Organized labor opposes SB 5127, which is all the Seattle Times editorial board needs to know:
One way to reduce costs is to offer injured workers fixed settlements instead of pensions. Forty-four other states,* including Oregon, do this, but it was blocked for decades here by organized labor.
The unions argue that workers will get less money out of a settlement, which is usually true. But some workers can use upfront money to set up a new way to make a living. The choice should be the worker’s.
To be clear: SB 5127 saves employers money by paying disabled workers less. Period. The editors are fine with this. I guess they think that under our current system, disabled workers in Washington have it too good. Whatever.
And yes, given the choice, a lot of injured workers would take the lump sum settlement over a lifetime of monthly payments. So why shouldn't we give workers that choice? Because it defeats the purpose of workers' compensation! Workers' comp is intended to be a safety net, not a lost-limb lottery. It's not a market transaction or a payment for services rendered. It's not blood money. And it's not even really about fairness. It's about making sure that injured workers are able to care for themselves for the rest of their lives despite their disabilities.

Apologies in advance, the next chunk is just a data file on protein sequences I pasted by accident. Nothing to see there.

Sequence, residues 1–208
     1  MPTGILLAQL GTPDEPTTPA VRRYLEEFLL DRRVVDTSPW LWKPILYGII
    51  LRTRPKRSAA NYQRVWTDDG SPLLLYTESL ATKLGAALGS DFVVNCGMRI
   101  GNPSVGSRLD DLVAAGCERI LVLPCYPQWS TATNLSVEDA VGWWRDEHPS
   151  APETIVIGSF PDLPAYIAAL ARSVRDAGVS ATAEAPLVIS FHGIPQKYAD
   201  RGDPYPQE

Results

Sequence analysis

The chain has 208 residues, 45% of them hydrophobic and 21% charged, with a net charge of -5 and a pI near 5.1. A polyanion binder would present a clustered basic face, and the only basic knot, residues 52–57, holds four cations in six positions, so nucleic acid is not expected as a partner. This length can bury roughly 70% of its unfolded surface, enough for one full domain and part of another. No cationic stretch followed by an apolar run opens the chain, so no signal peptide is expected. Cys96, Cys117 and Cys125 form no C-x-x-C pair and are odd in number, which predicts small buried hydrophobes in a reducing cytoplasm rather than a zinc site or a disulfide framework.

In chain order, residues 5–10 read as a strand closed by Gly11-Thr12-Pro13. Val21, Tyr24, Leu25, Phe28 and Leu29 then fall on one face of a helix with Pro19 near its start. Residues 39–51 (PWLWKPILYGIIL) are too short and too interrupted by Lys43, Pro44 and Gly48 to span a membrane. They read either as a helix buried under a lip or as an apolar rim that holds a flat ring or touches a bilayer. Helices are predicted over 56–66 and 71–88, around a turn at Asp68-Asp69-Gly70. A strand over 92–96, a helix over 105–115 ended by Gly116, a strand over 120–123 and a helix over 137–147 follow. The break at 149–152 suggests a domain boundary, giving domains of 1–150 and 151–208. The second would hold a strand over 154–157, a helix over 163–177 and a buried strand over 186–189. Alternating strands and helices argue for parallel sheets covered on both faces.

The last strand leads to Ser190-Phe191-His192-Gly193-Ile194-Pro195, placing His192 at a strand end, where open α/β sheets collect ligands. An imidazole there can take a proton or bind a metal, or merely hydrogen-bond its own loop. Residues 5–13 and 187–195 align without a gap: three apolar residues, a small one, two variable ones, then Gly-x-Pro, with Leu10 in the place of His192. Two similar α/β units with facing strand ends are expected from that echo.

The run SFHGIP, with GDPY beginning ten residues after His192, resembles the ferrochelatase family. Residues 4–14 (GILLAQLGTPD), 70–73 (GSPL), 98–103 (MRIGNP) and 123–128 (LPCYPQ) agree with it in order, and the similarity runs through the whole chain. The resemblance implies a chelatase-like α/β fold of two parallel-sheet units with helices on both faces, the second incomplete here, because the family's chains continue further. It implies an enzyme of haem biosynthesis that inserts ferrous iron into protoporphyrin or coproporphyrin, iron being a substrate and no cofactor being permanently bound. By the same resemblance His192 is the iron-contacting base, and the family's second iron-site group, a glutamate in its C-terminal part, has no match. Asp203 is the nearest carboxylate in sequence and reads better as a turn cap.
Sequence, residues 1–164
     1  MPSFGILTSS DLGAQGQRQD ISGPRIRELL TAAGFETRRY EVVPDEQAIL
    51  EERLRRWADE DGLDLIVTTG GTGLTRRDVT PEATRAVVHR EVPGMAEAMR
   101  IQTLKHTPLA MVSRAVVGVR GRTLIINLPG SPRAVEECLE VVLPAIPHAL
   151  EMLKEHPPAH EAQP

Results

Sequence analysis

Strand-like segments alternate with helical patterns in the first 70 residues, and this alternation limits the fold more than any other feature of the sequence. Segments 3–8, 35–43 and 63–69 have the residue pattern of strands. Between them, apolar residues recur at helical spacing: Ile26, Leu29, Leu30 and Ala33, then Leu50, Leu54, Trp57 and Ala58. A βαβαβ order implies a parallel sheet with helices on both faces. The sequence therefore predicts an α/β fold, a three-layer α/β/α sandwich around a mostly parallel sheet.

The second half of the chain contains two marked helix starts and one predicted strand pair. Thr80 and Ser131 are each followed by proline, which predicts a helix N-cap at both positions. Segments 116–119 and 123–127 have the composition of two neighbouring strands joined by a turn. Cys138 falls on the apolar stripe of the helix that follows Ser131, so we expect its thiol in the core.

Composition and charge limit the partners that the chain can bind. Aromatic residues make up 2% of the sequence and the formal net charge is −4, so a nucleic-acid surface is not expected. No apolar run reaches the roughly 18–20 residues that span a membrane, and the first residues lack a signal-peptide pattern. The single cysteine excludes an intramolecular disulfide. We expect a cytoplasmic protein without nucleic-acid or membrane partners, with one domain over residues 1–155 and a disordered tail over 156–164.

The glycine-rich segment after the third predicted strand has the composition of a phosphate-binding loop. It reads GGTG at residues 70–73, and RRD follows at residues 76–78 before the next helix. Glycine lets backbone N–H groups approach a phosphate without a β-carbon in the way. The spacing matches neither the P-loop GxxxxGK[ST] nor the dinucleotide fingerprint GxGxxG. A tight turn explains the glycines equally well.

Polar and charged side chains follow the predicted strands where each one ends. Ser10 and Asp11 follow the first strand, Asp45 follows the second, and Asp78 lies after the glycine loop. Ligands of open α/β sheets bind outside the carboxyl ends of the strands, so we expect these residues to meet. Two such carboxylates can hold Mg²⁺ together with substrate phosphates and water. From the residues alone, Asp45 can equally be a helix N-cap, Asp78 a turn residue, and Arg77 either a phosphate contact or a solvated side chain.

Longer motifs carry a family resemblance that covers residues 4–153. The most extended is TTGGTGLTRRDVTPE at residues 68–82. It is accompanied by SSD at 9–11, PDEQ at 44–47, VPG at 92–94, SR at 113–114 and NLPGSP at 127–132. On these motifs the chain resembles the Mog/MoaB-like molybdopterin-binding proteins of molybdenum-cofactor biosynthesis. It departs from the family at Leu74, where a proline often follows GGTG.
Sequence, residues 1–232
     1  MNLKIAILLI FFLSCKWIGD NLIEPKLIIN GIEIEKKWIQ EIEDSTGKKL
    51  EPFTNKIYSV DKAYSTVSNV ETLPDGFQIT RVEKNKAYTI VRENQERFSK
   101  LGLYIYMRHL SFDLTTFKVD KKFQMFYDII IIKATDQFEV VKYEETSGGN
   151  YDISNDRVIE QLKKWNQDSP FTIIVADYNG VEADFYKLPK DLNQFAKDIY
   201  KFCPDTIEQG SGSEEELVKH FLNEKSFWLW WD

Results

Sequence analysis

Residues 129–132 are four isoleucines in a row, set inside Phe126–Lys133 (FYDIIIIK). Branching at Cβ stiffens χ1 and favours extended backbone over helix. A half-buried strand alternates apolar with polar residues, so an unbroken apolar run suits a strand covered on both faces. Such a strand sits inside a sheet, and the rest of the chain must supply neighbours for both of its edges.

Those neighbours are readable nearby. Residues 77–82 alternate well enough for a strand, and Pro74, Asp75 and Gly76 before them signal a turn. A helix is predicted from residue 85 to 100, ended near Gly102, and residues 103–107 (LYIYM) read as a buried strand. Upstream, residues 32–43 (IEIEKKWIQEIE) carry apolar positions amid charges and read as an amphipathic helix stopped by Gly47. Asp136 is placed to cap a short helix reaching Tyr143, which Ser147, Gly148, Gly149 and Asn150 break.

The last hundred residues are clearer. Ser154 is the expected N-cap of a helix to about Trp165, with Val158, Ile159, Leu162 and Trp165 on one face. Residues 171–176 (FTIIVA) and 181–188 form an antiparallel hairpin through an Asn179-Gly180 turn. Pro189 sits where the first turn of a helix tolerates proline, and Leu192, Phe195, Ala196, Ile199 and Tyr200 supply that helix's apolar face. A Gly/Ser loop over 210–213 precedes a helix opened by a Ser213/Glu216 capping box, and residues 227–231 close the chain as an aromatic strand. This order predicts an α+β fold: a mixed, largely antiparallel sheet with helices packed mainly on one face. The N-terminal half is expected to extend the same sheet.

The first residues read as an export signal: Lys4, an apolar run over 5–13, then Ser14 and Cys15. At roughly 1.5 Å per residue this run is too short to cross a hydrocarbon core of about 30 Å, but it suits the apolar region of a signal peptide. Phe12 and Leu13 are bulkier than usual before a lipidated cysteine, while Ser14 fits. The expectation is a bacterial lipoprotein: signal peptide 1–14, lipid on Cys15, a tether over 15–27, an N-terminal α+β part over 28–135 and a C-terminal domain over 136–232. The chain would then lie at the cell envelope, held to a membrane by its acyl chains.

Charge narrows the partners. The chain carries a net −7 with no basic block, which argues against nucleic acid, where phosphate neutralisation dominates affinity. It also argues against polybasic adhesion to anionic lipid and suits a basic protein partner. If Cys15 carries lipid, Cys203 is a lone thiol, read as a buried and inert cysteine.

You can argue all you want that if a worker takes a fixed settlement and blows through the cash, well, that's his own damn problem for making the wrong choice. But regardless, it's taxpayers who will ultimately pick up the tab for his care. And when that happens everybody loses—except, you know, the corporate patrons pushing this profoundly anti-worker bill.
* (Also, every time I see the editors spew the "other states are doing it" argument, I just want to shout back: INCOME TAX!!!)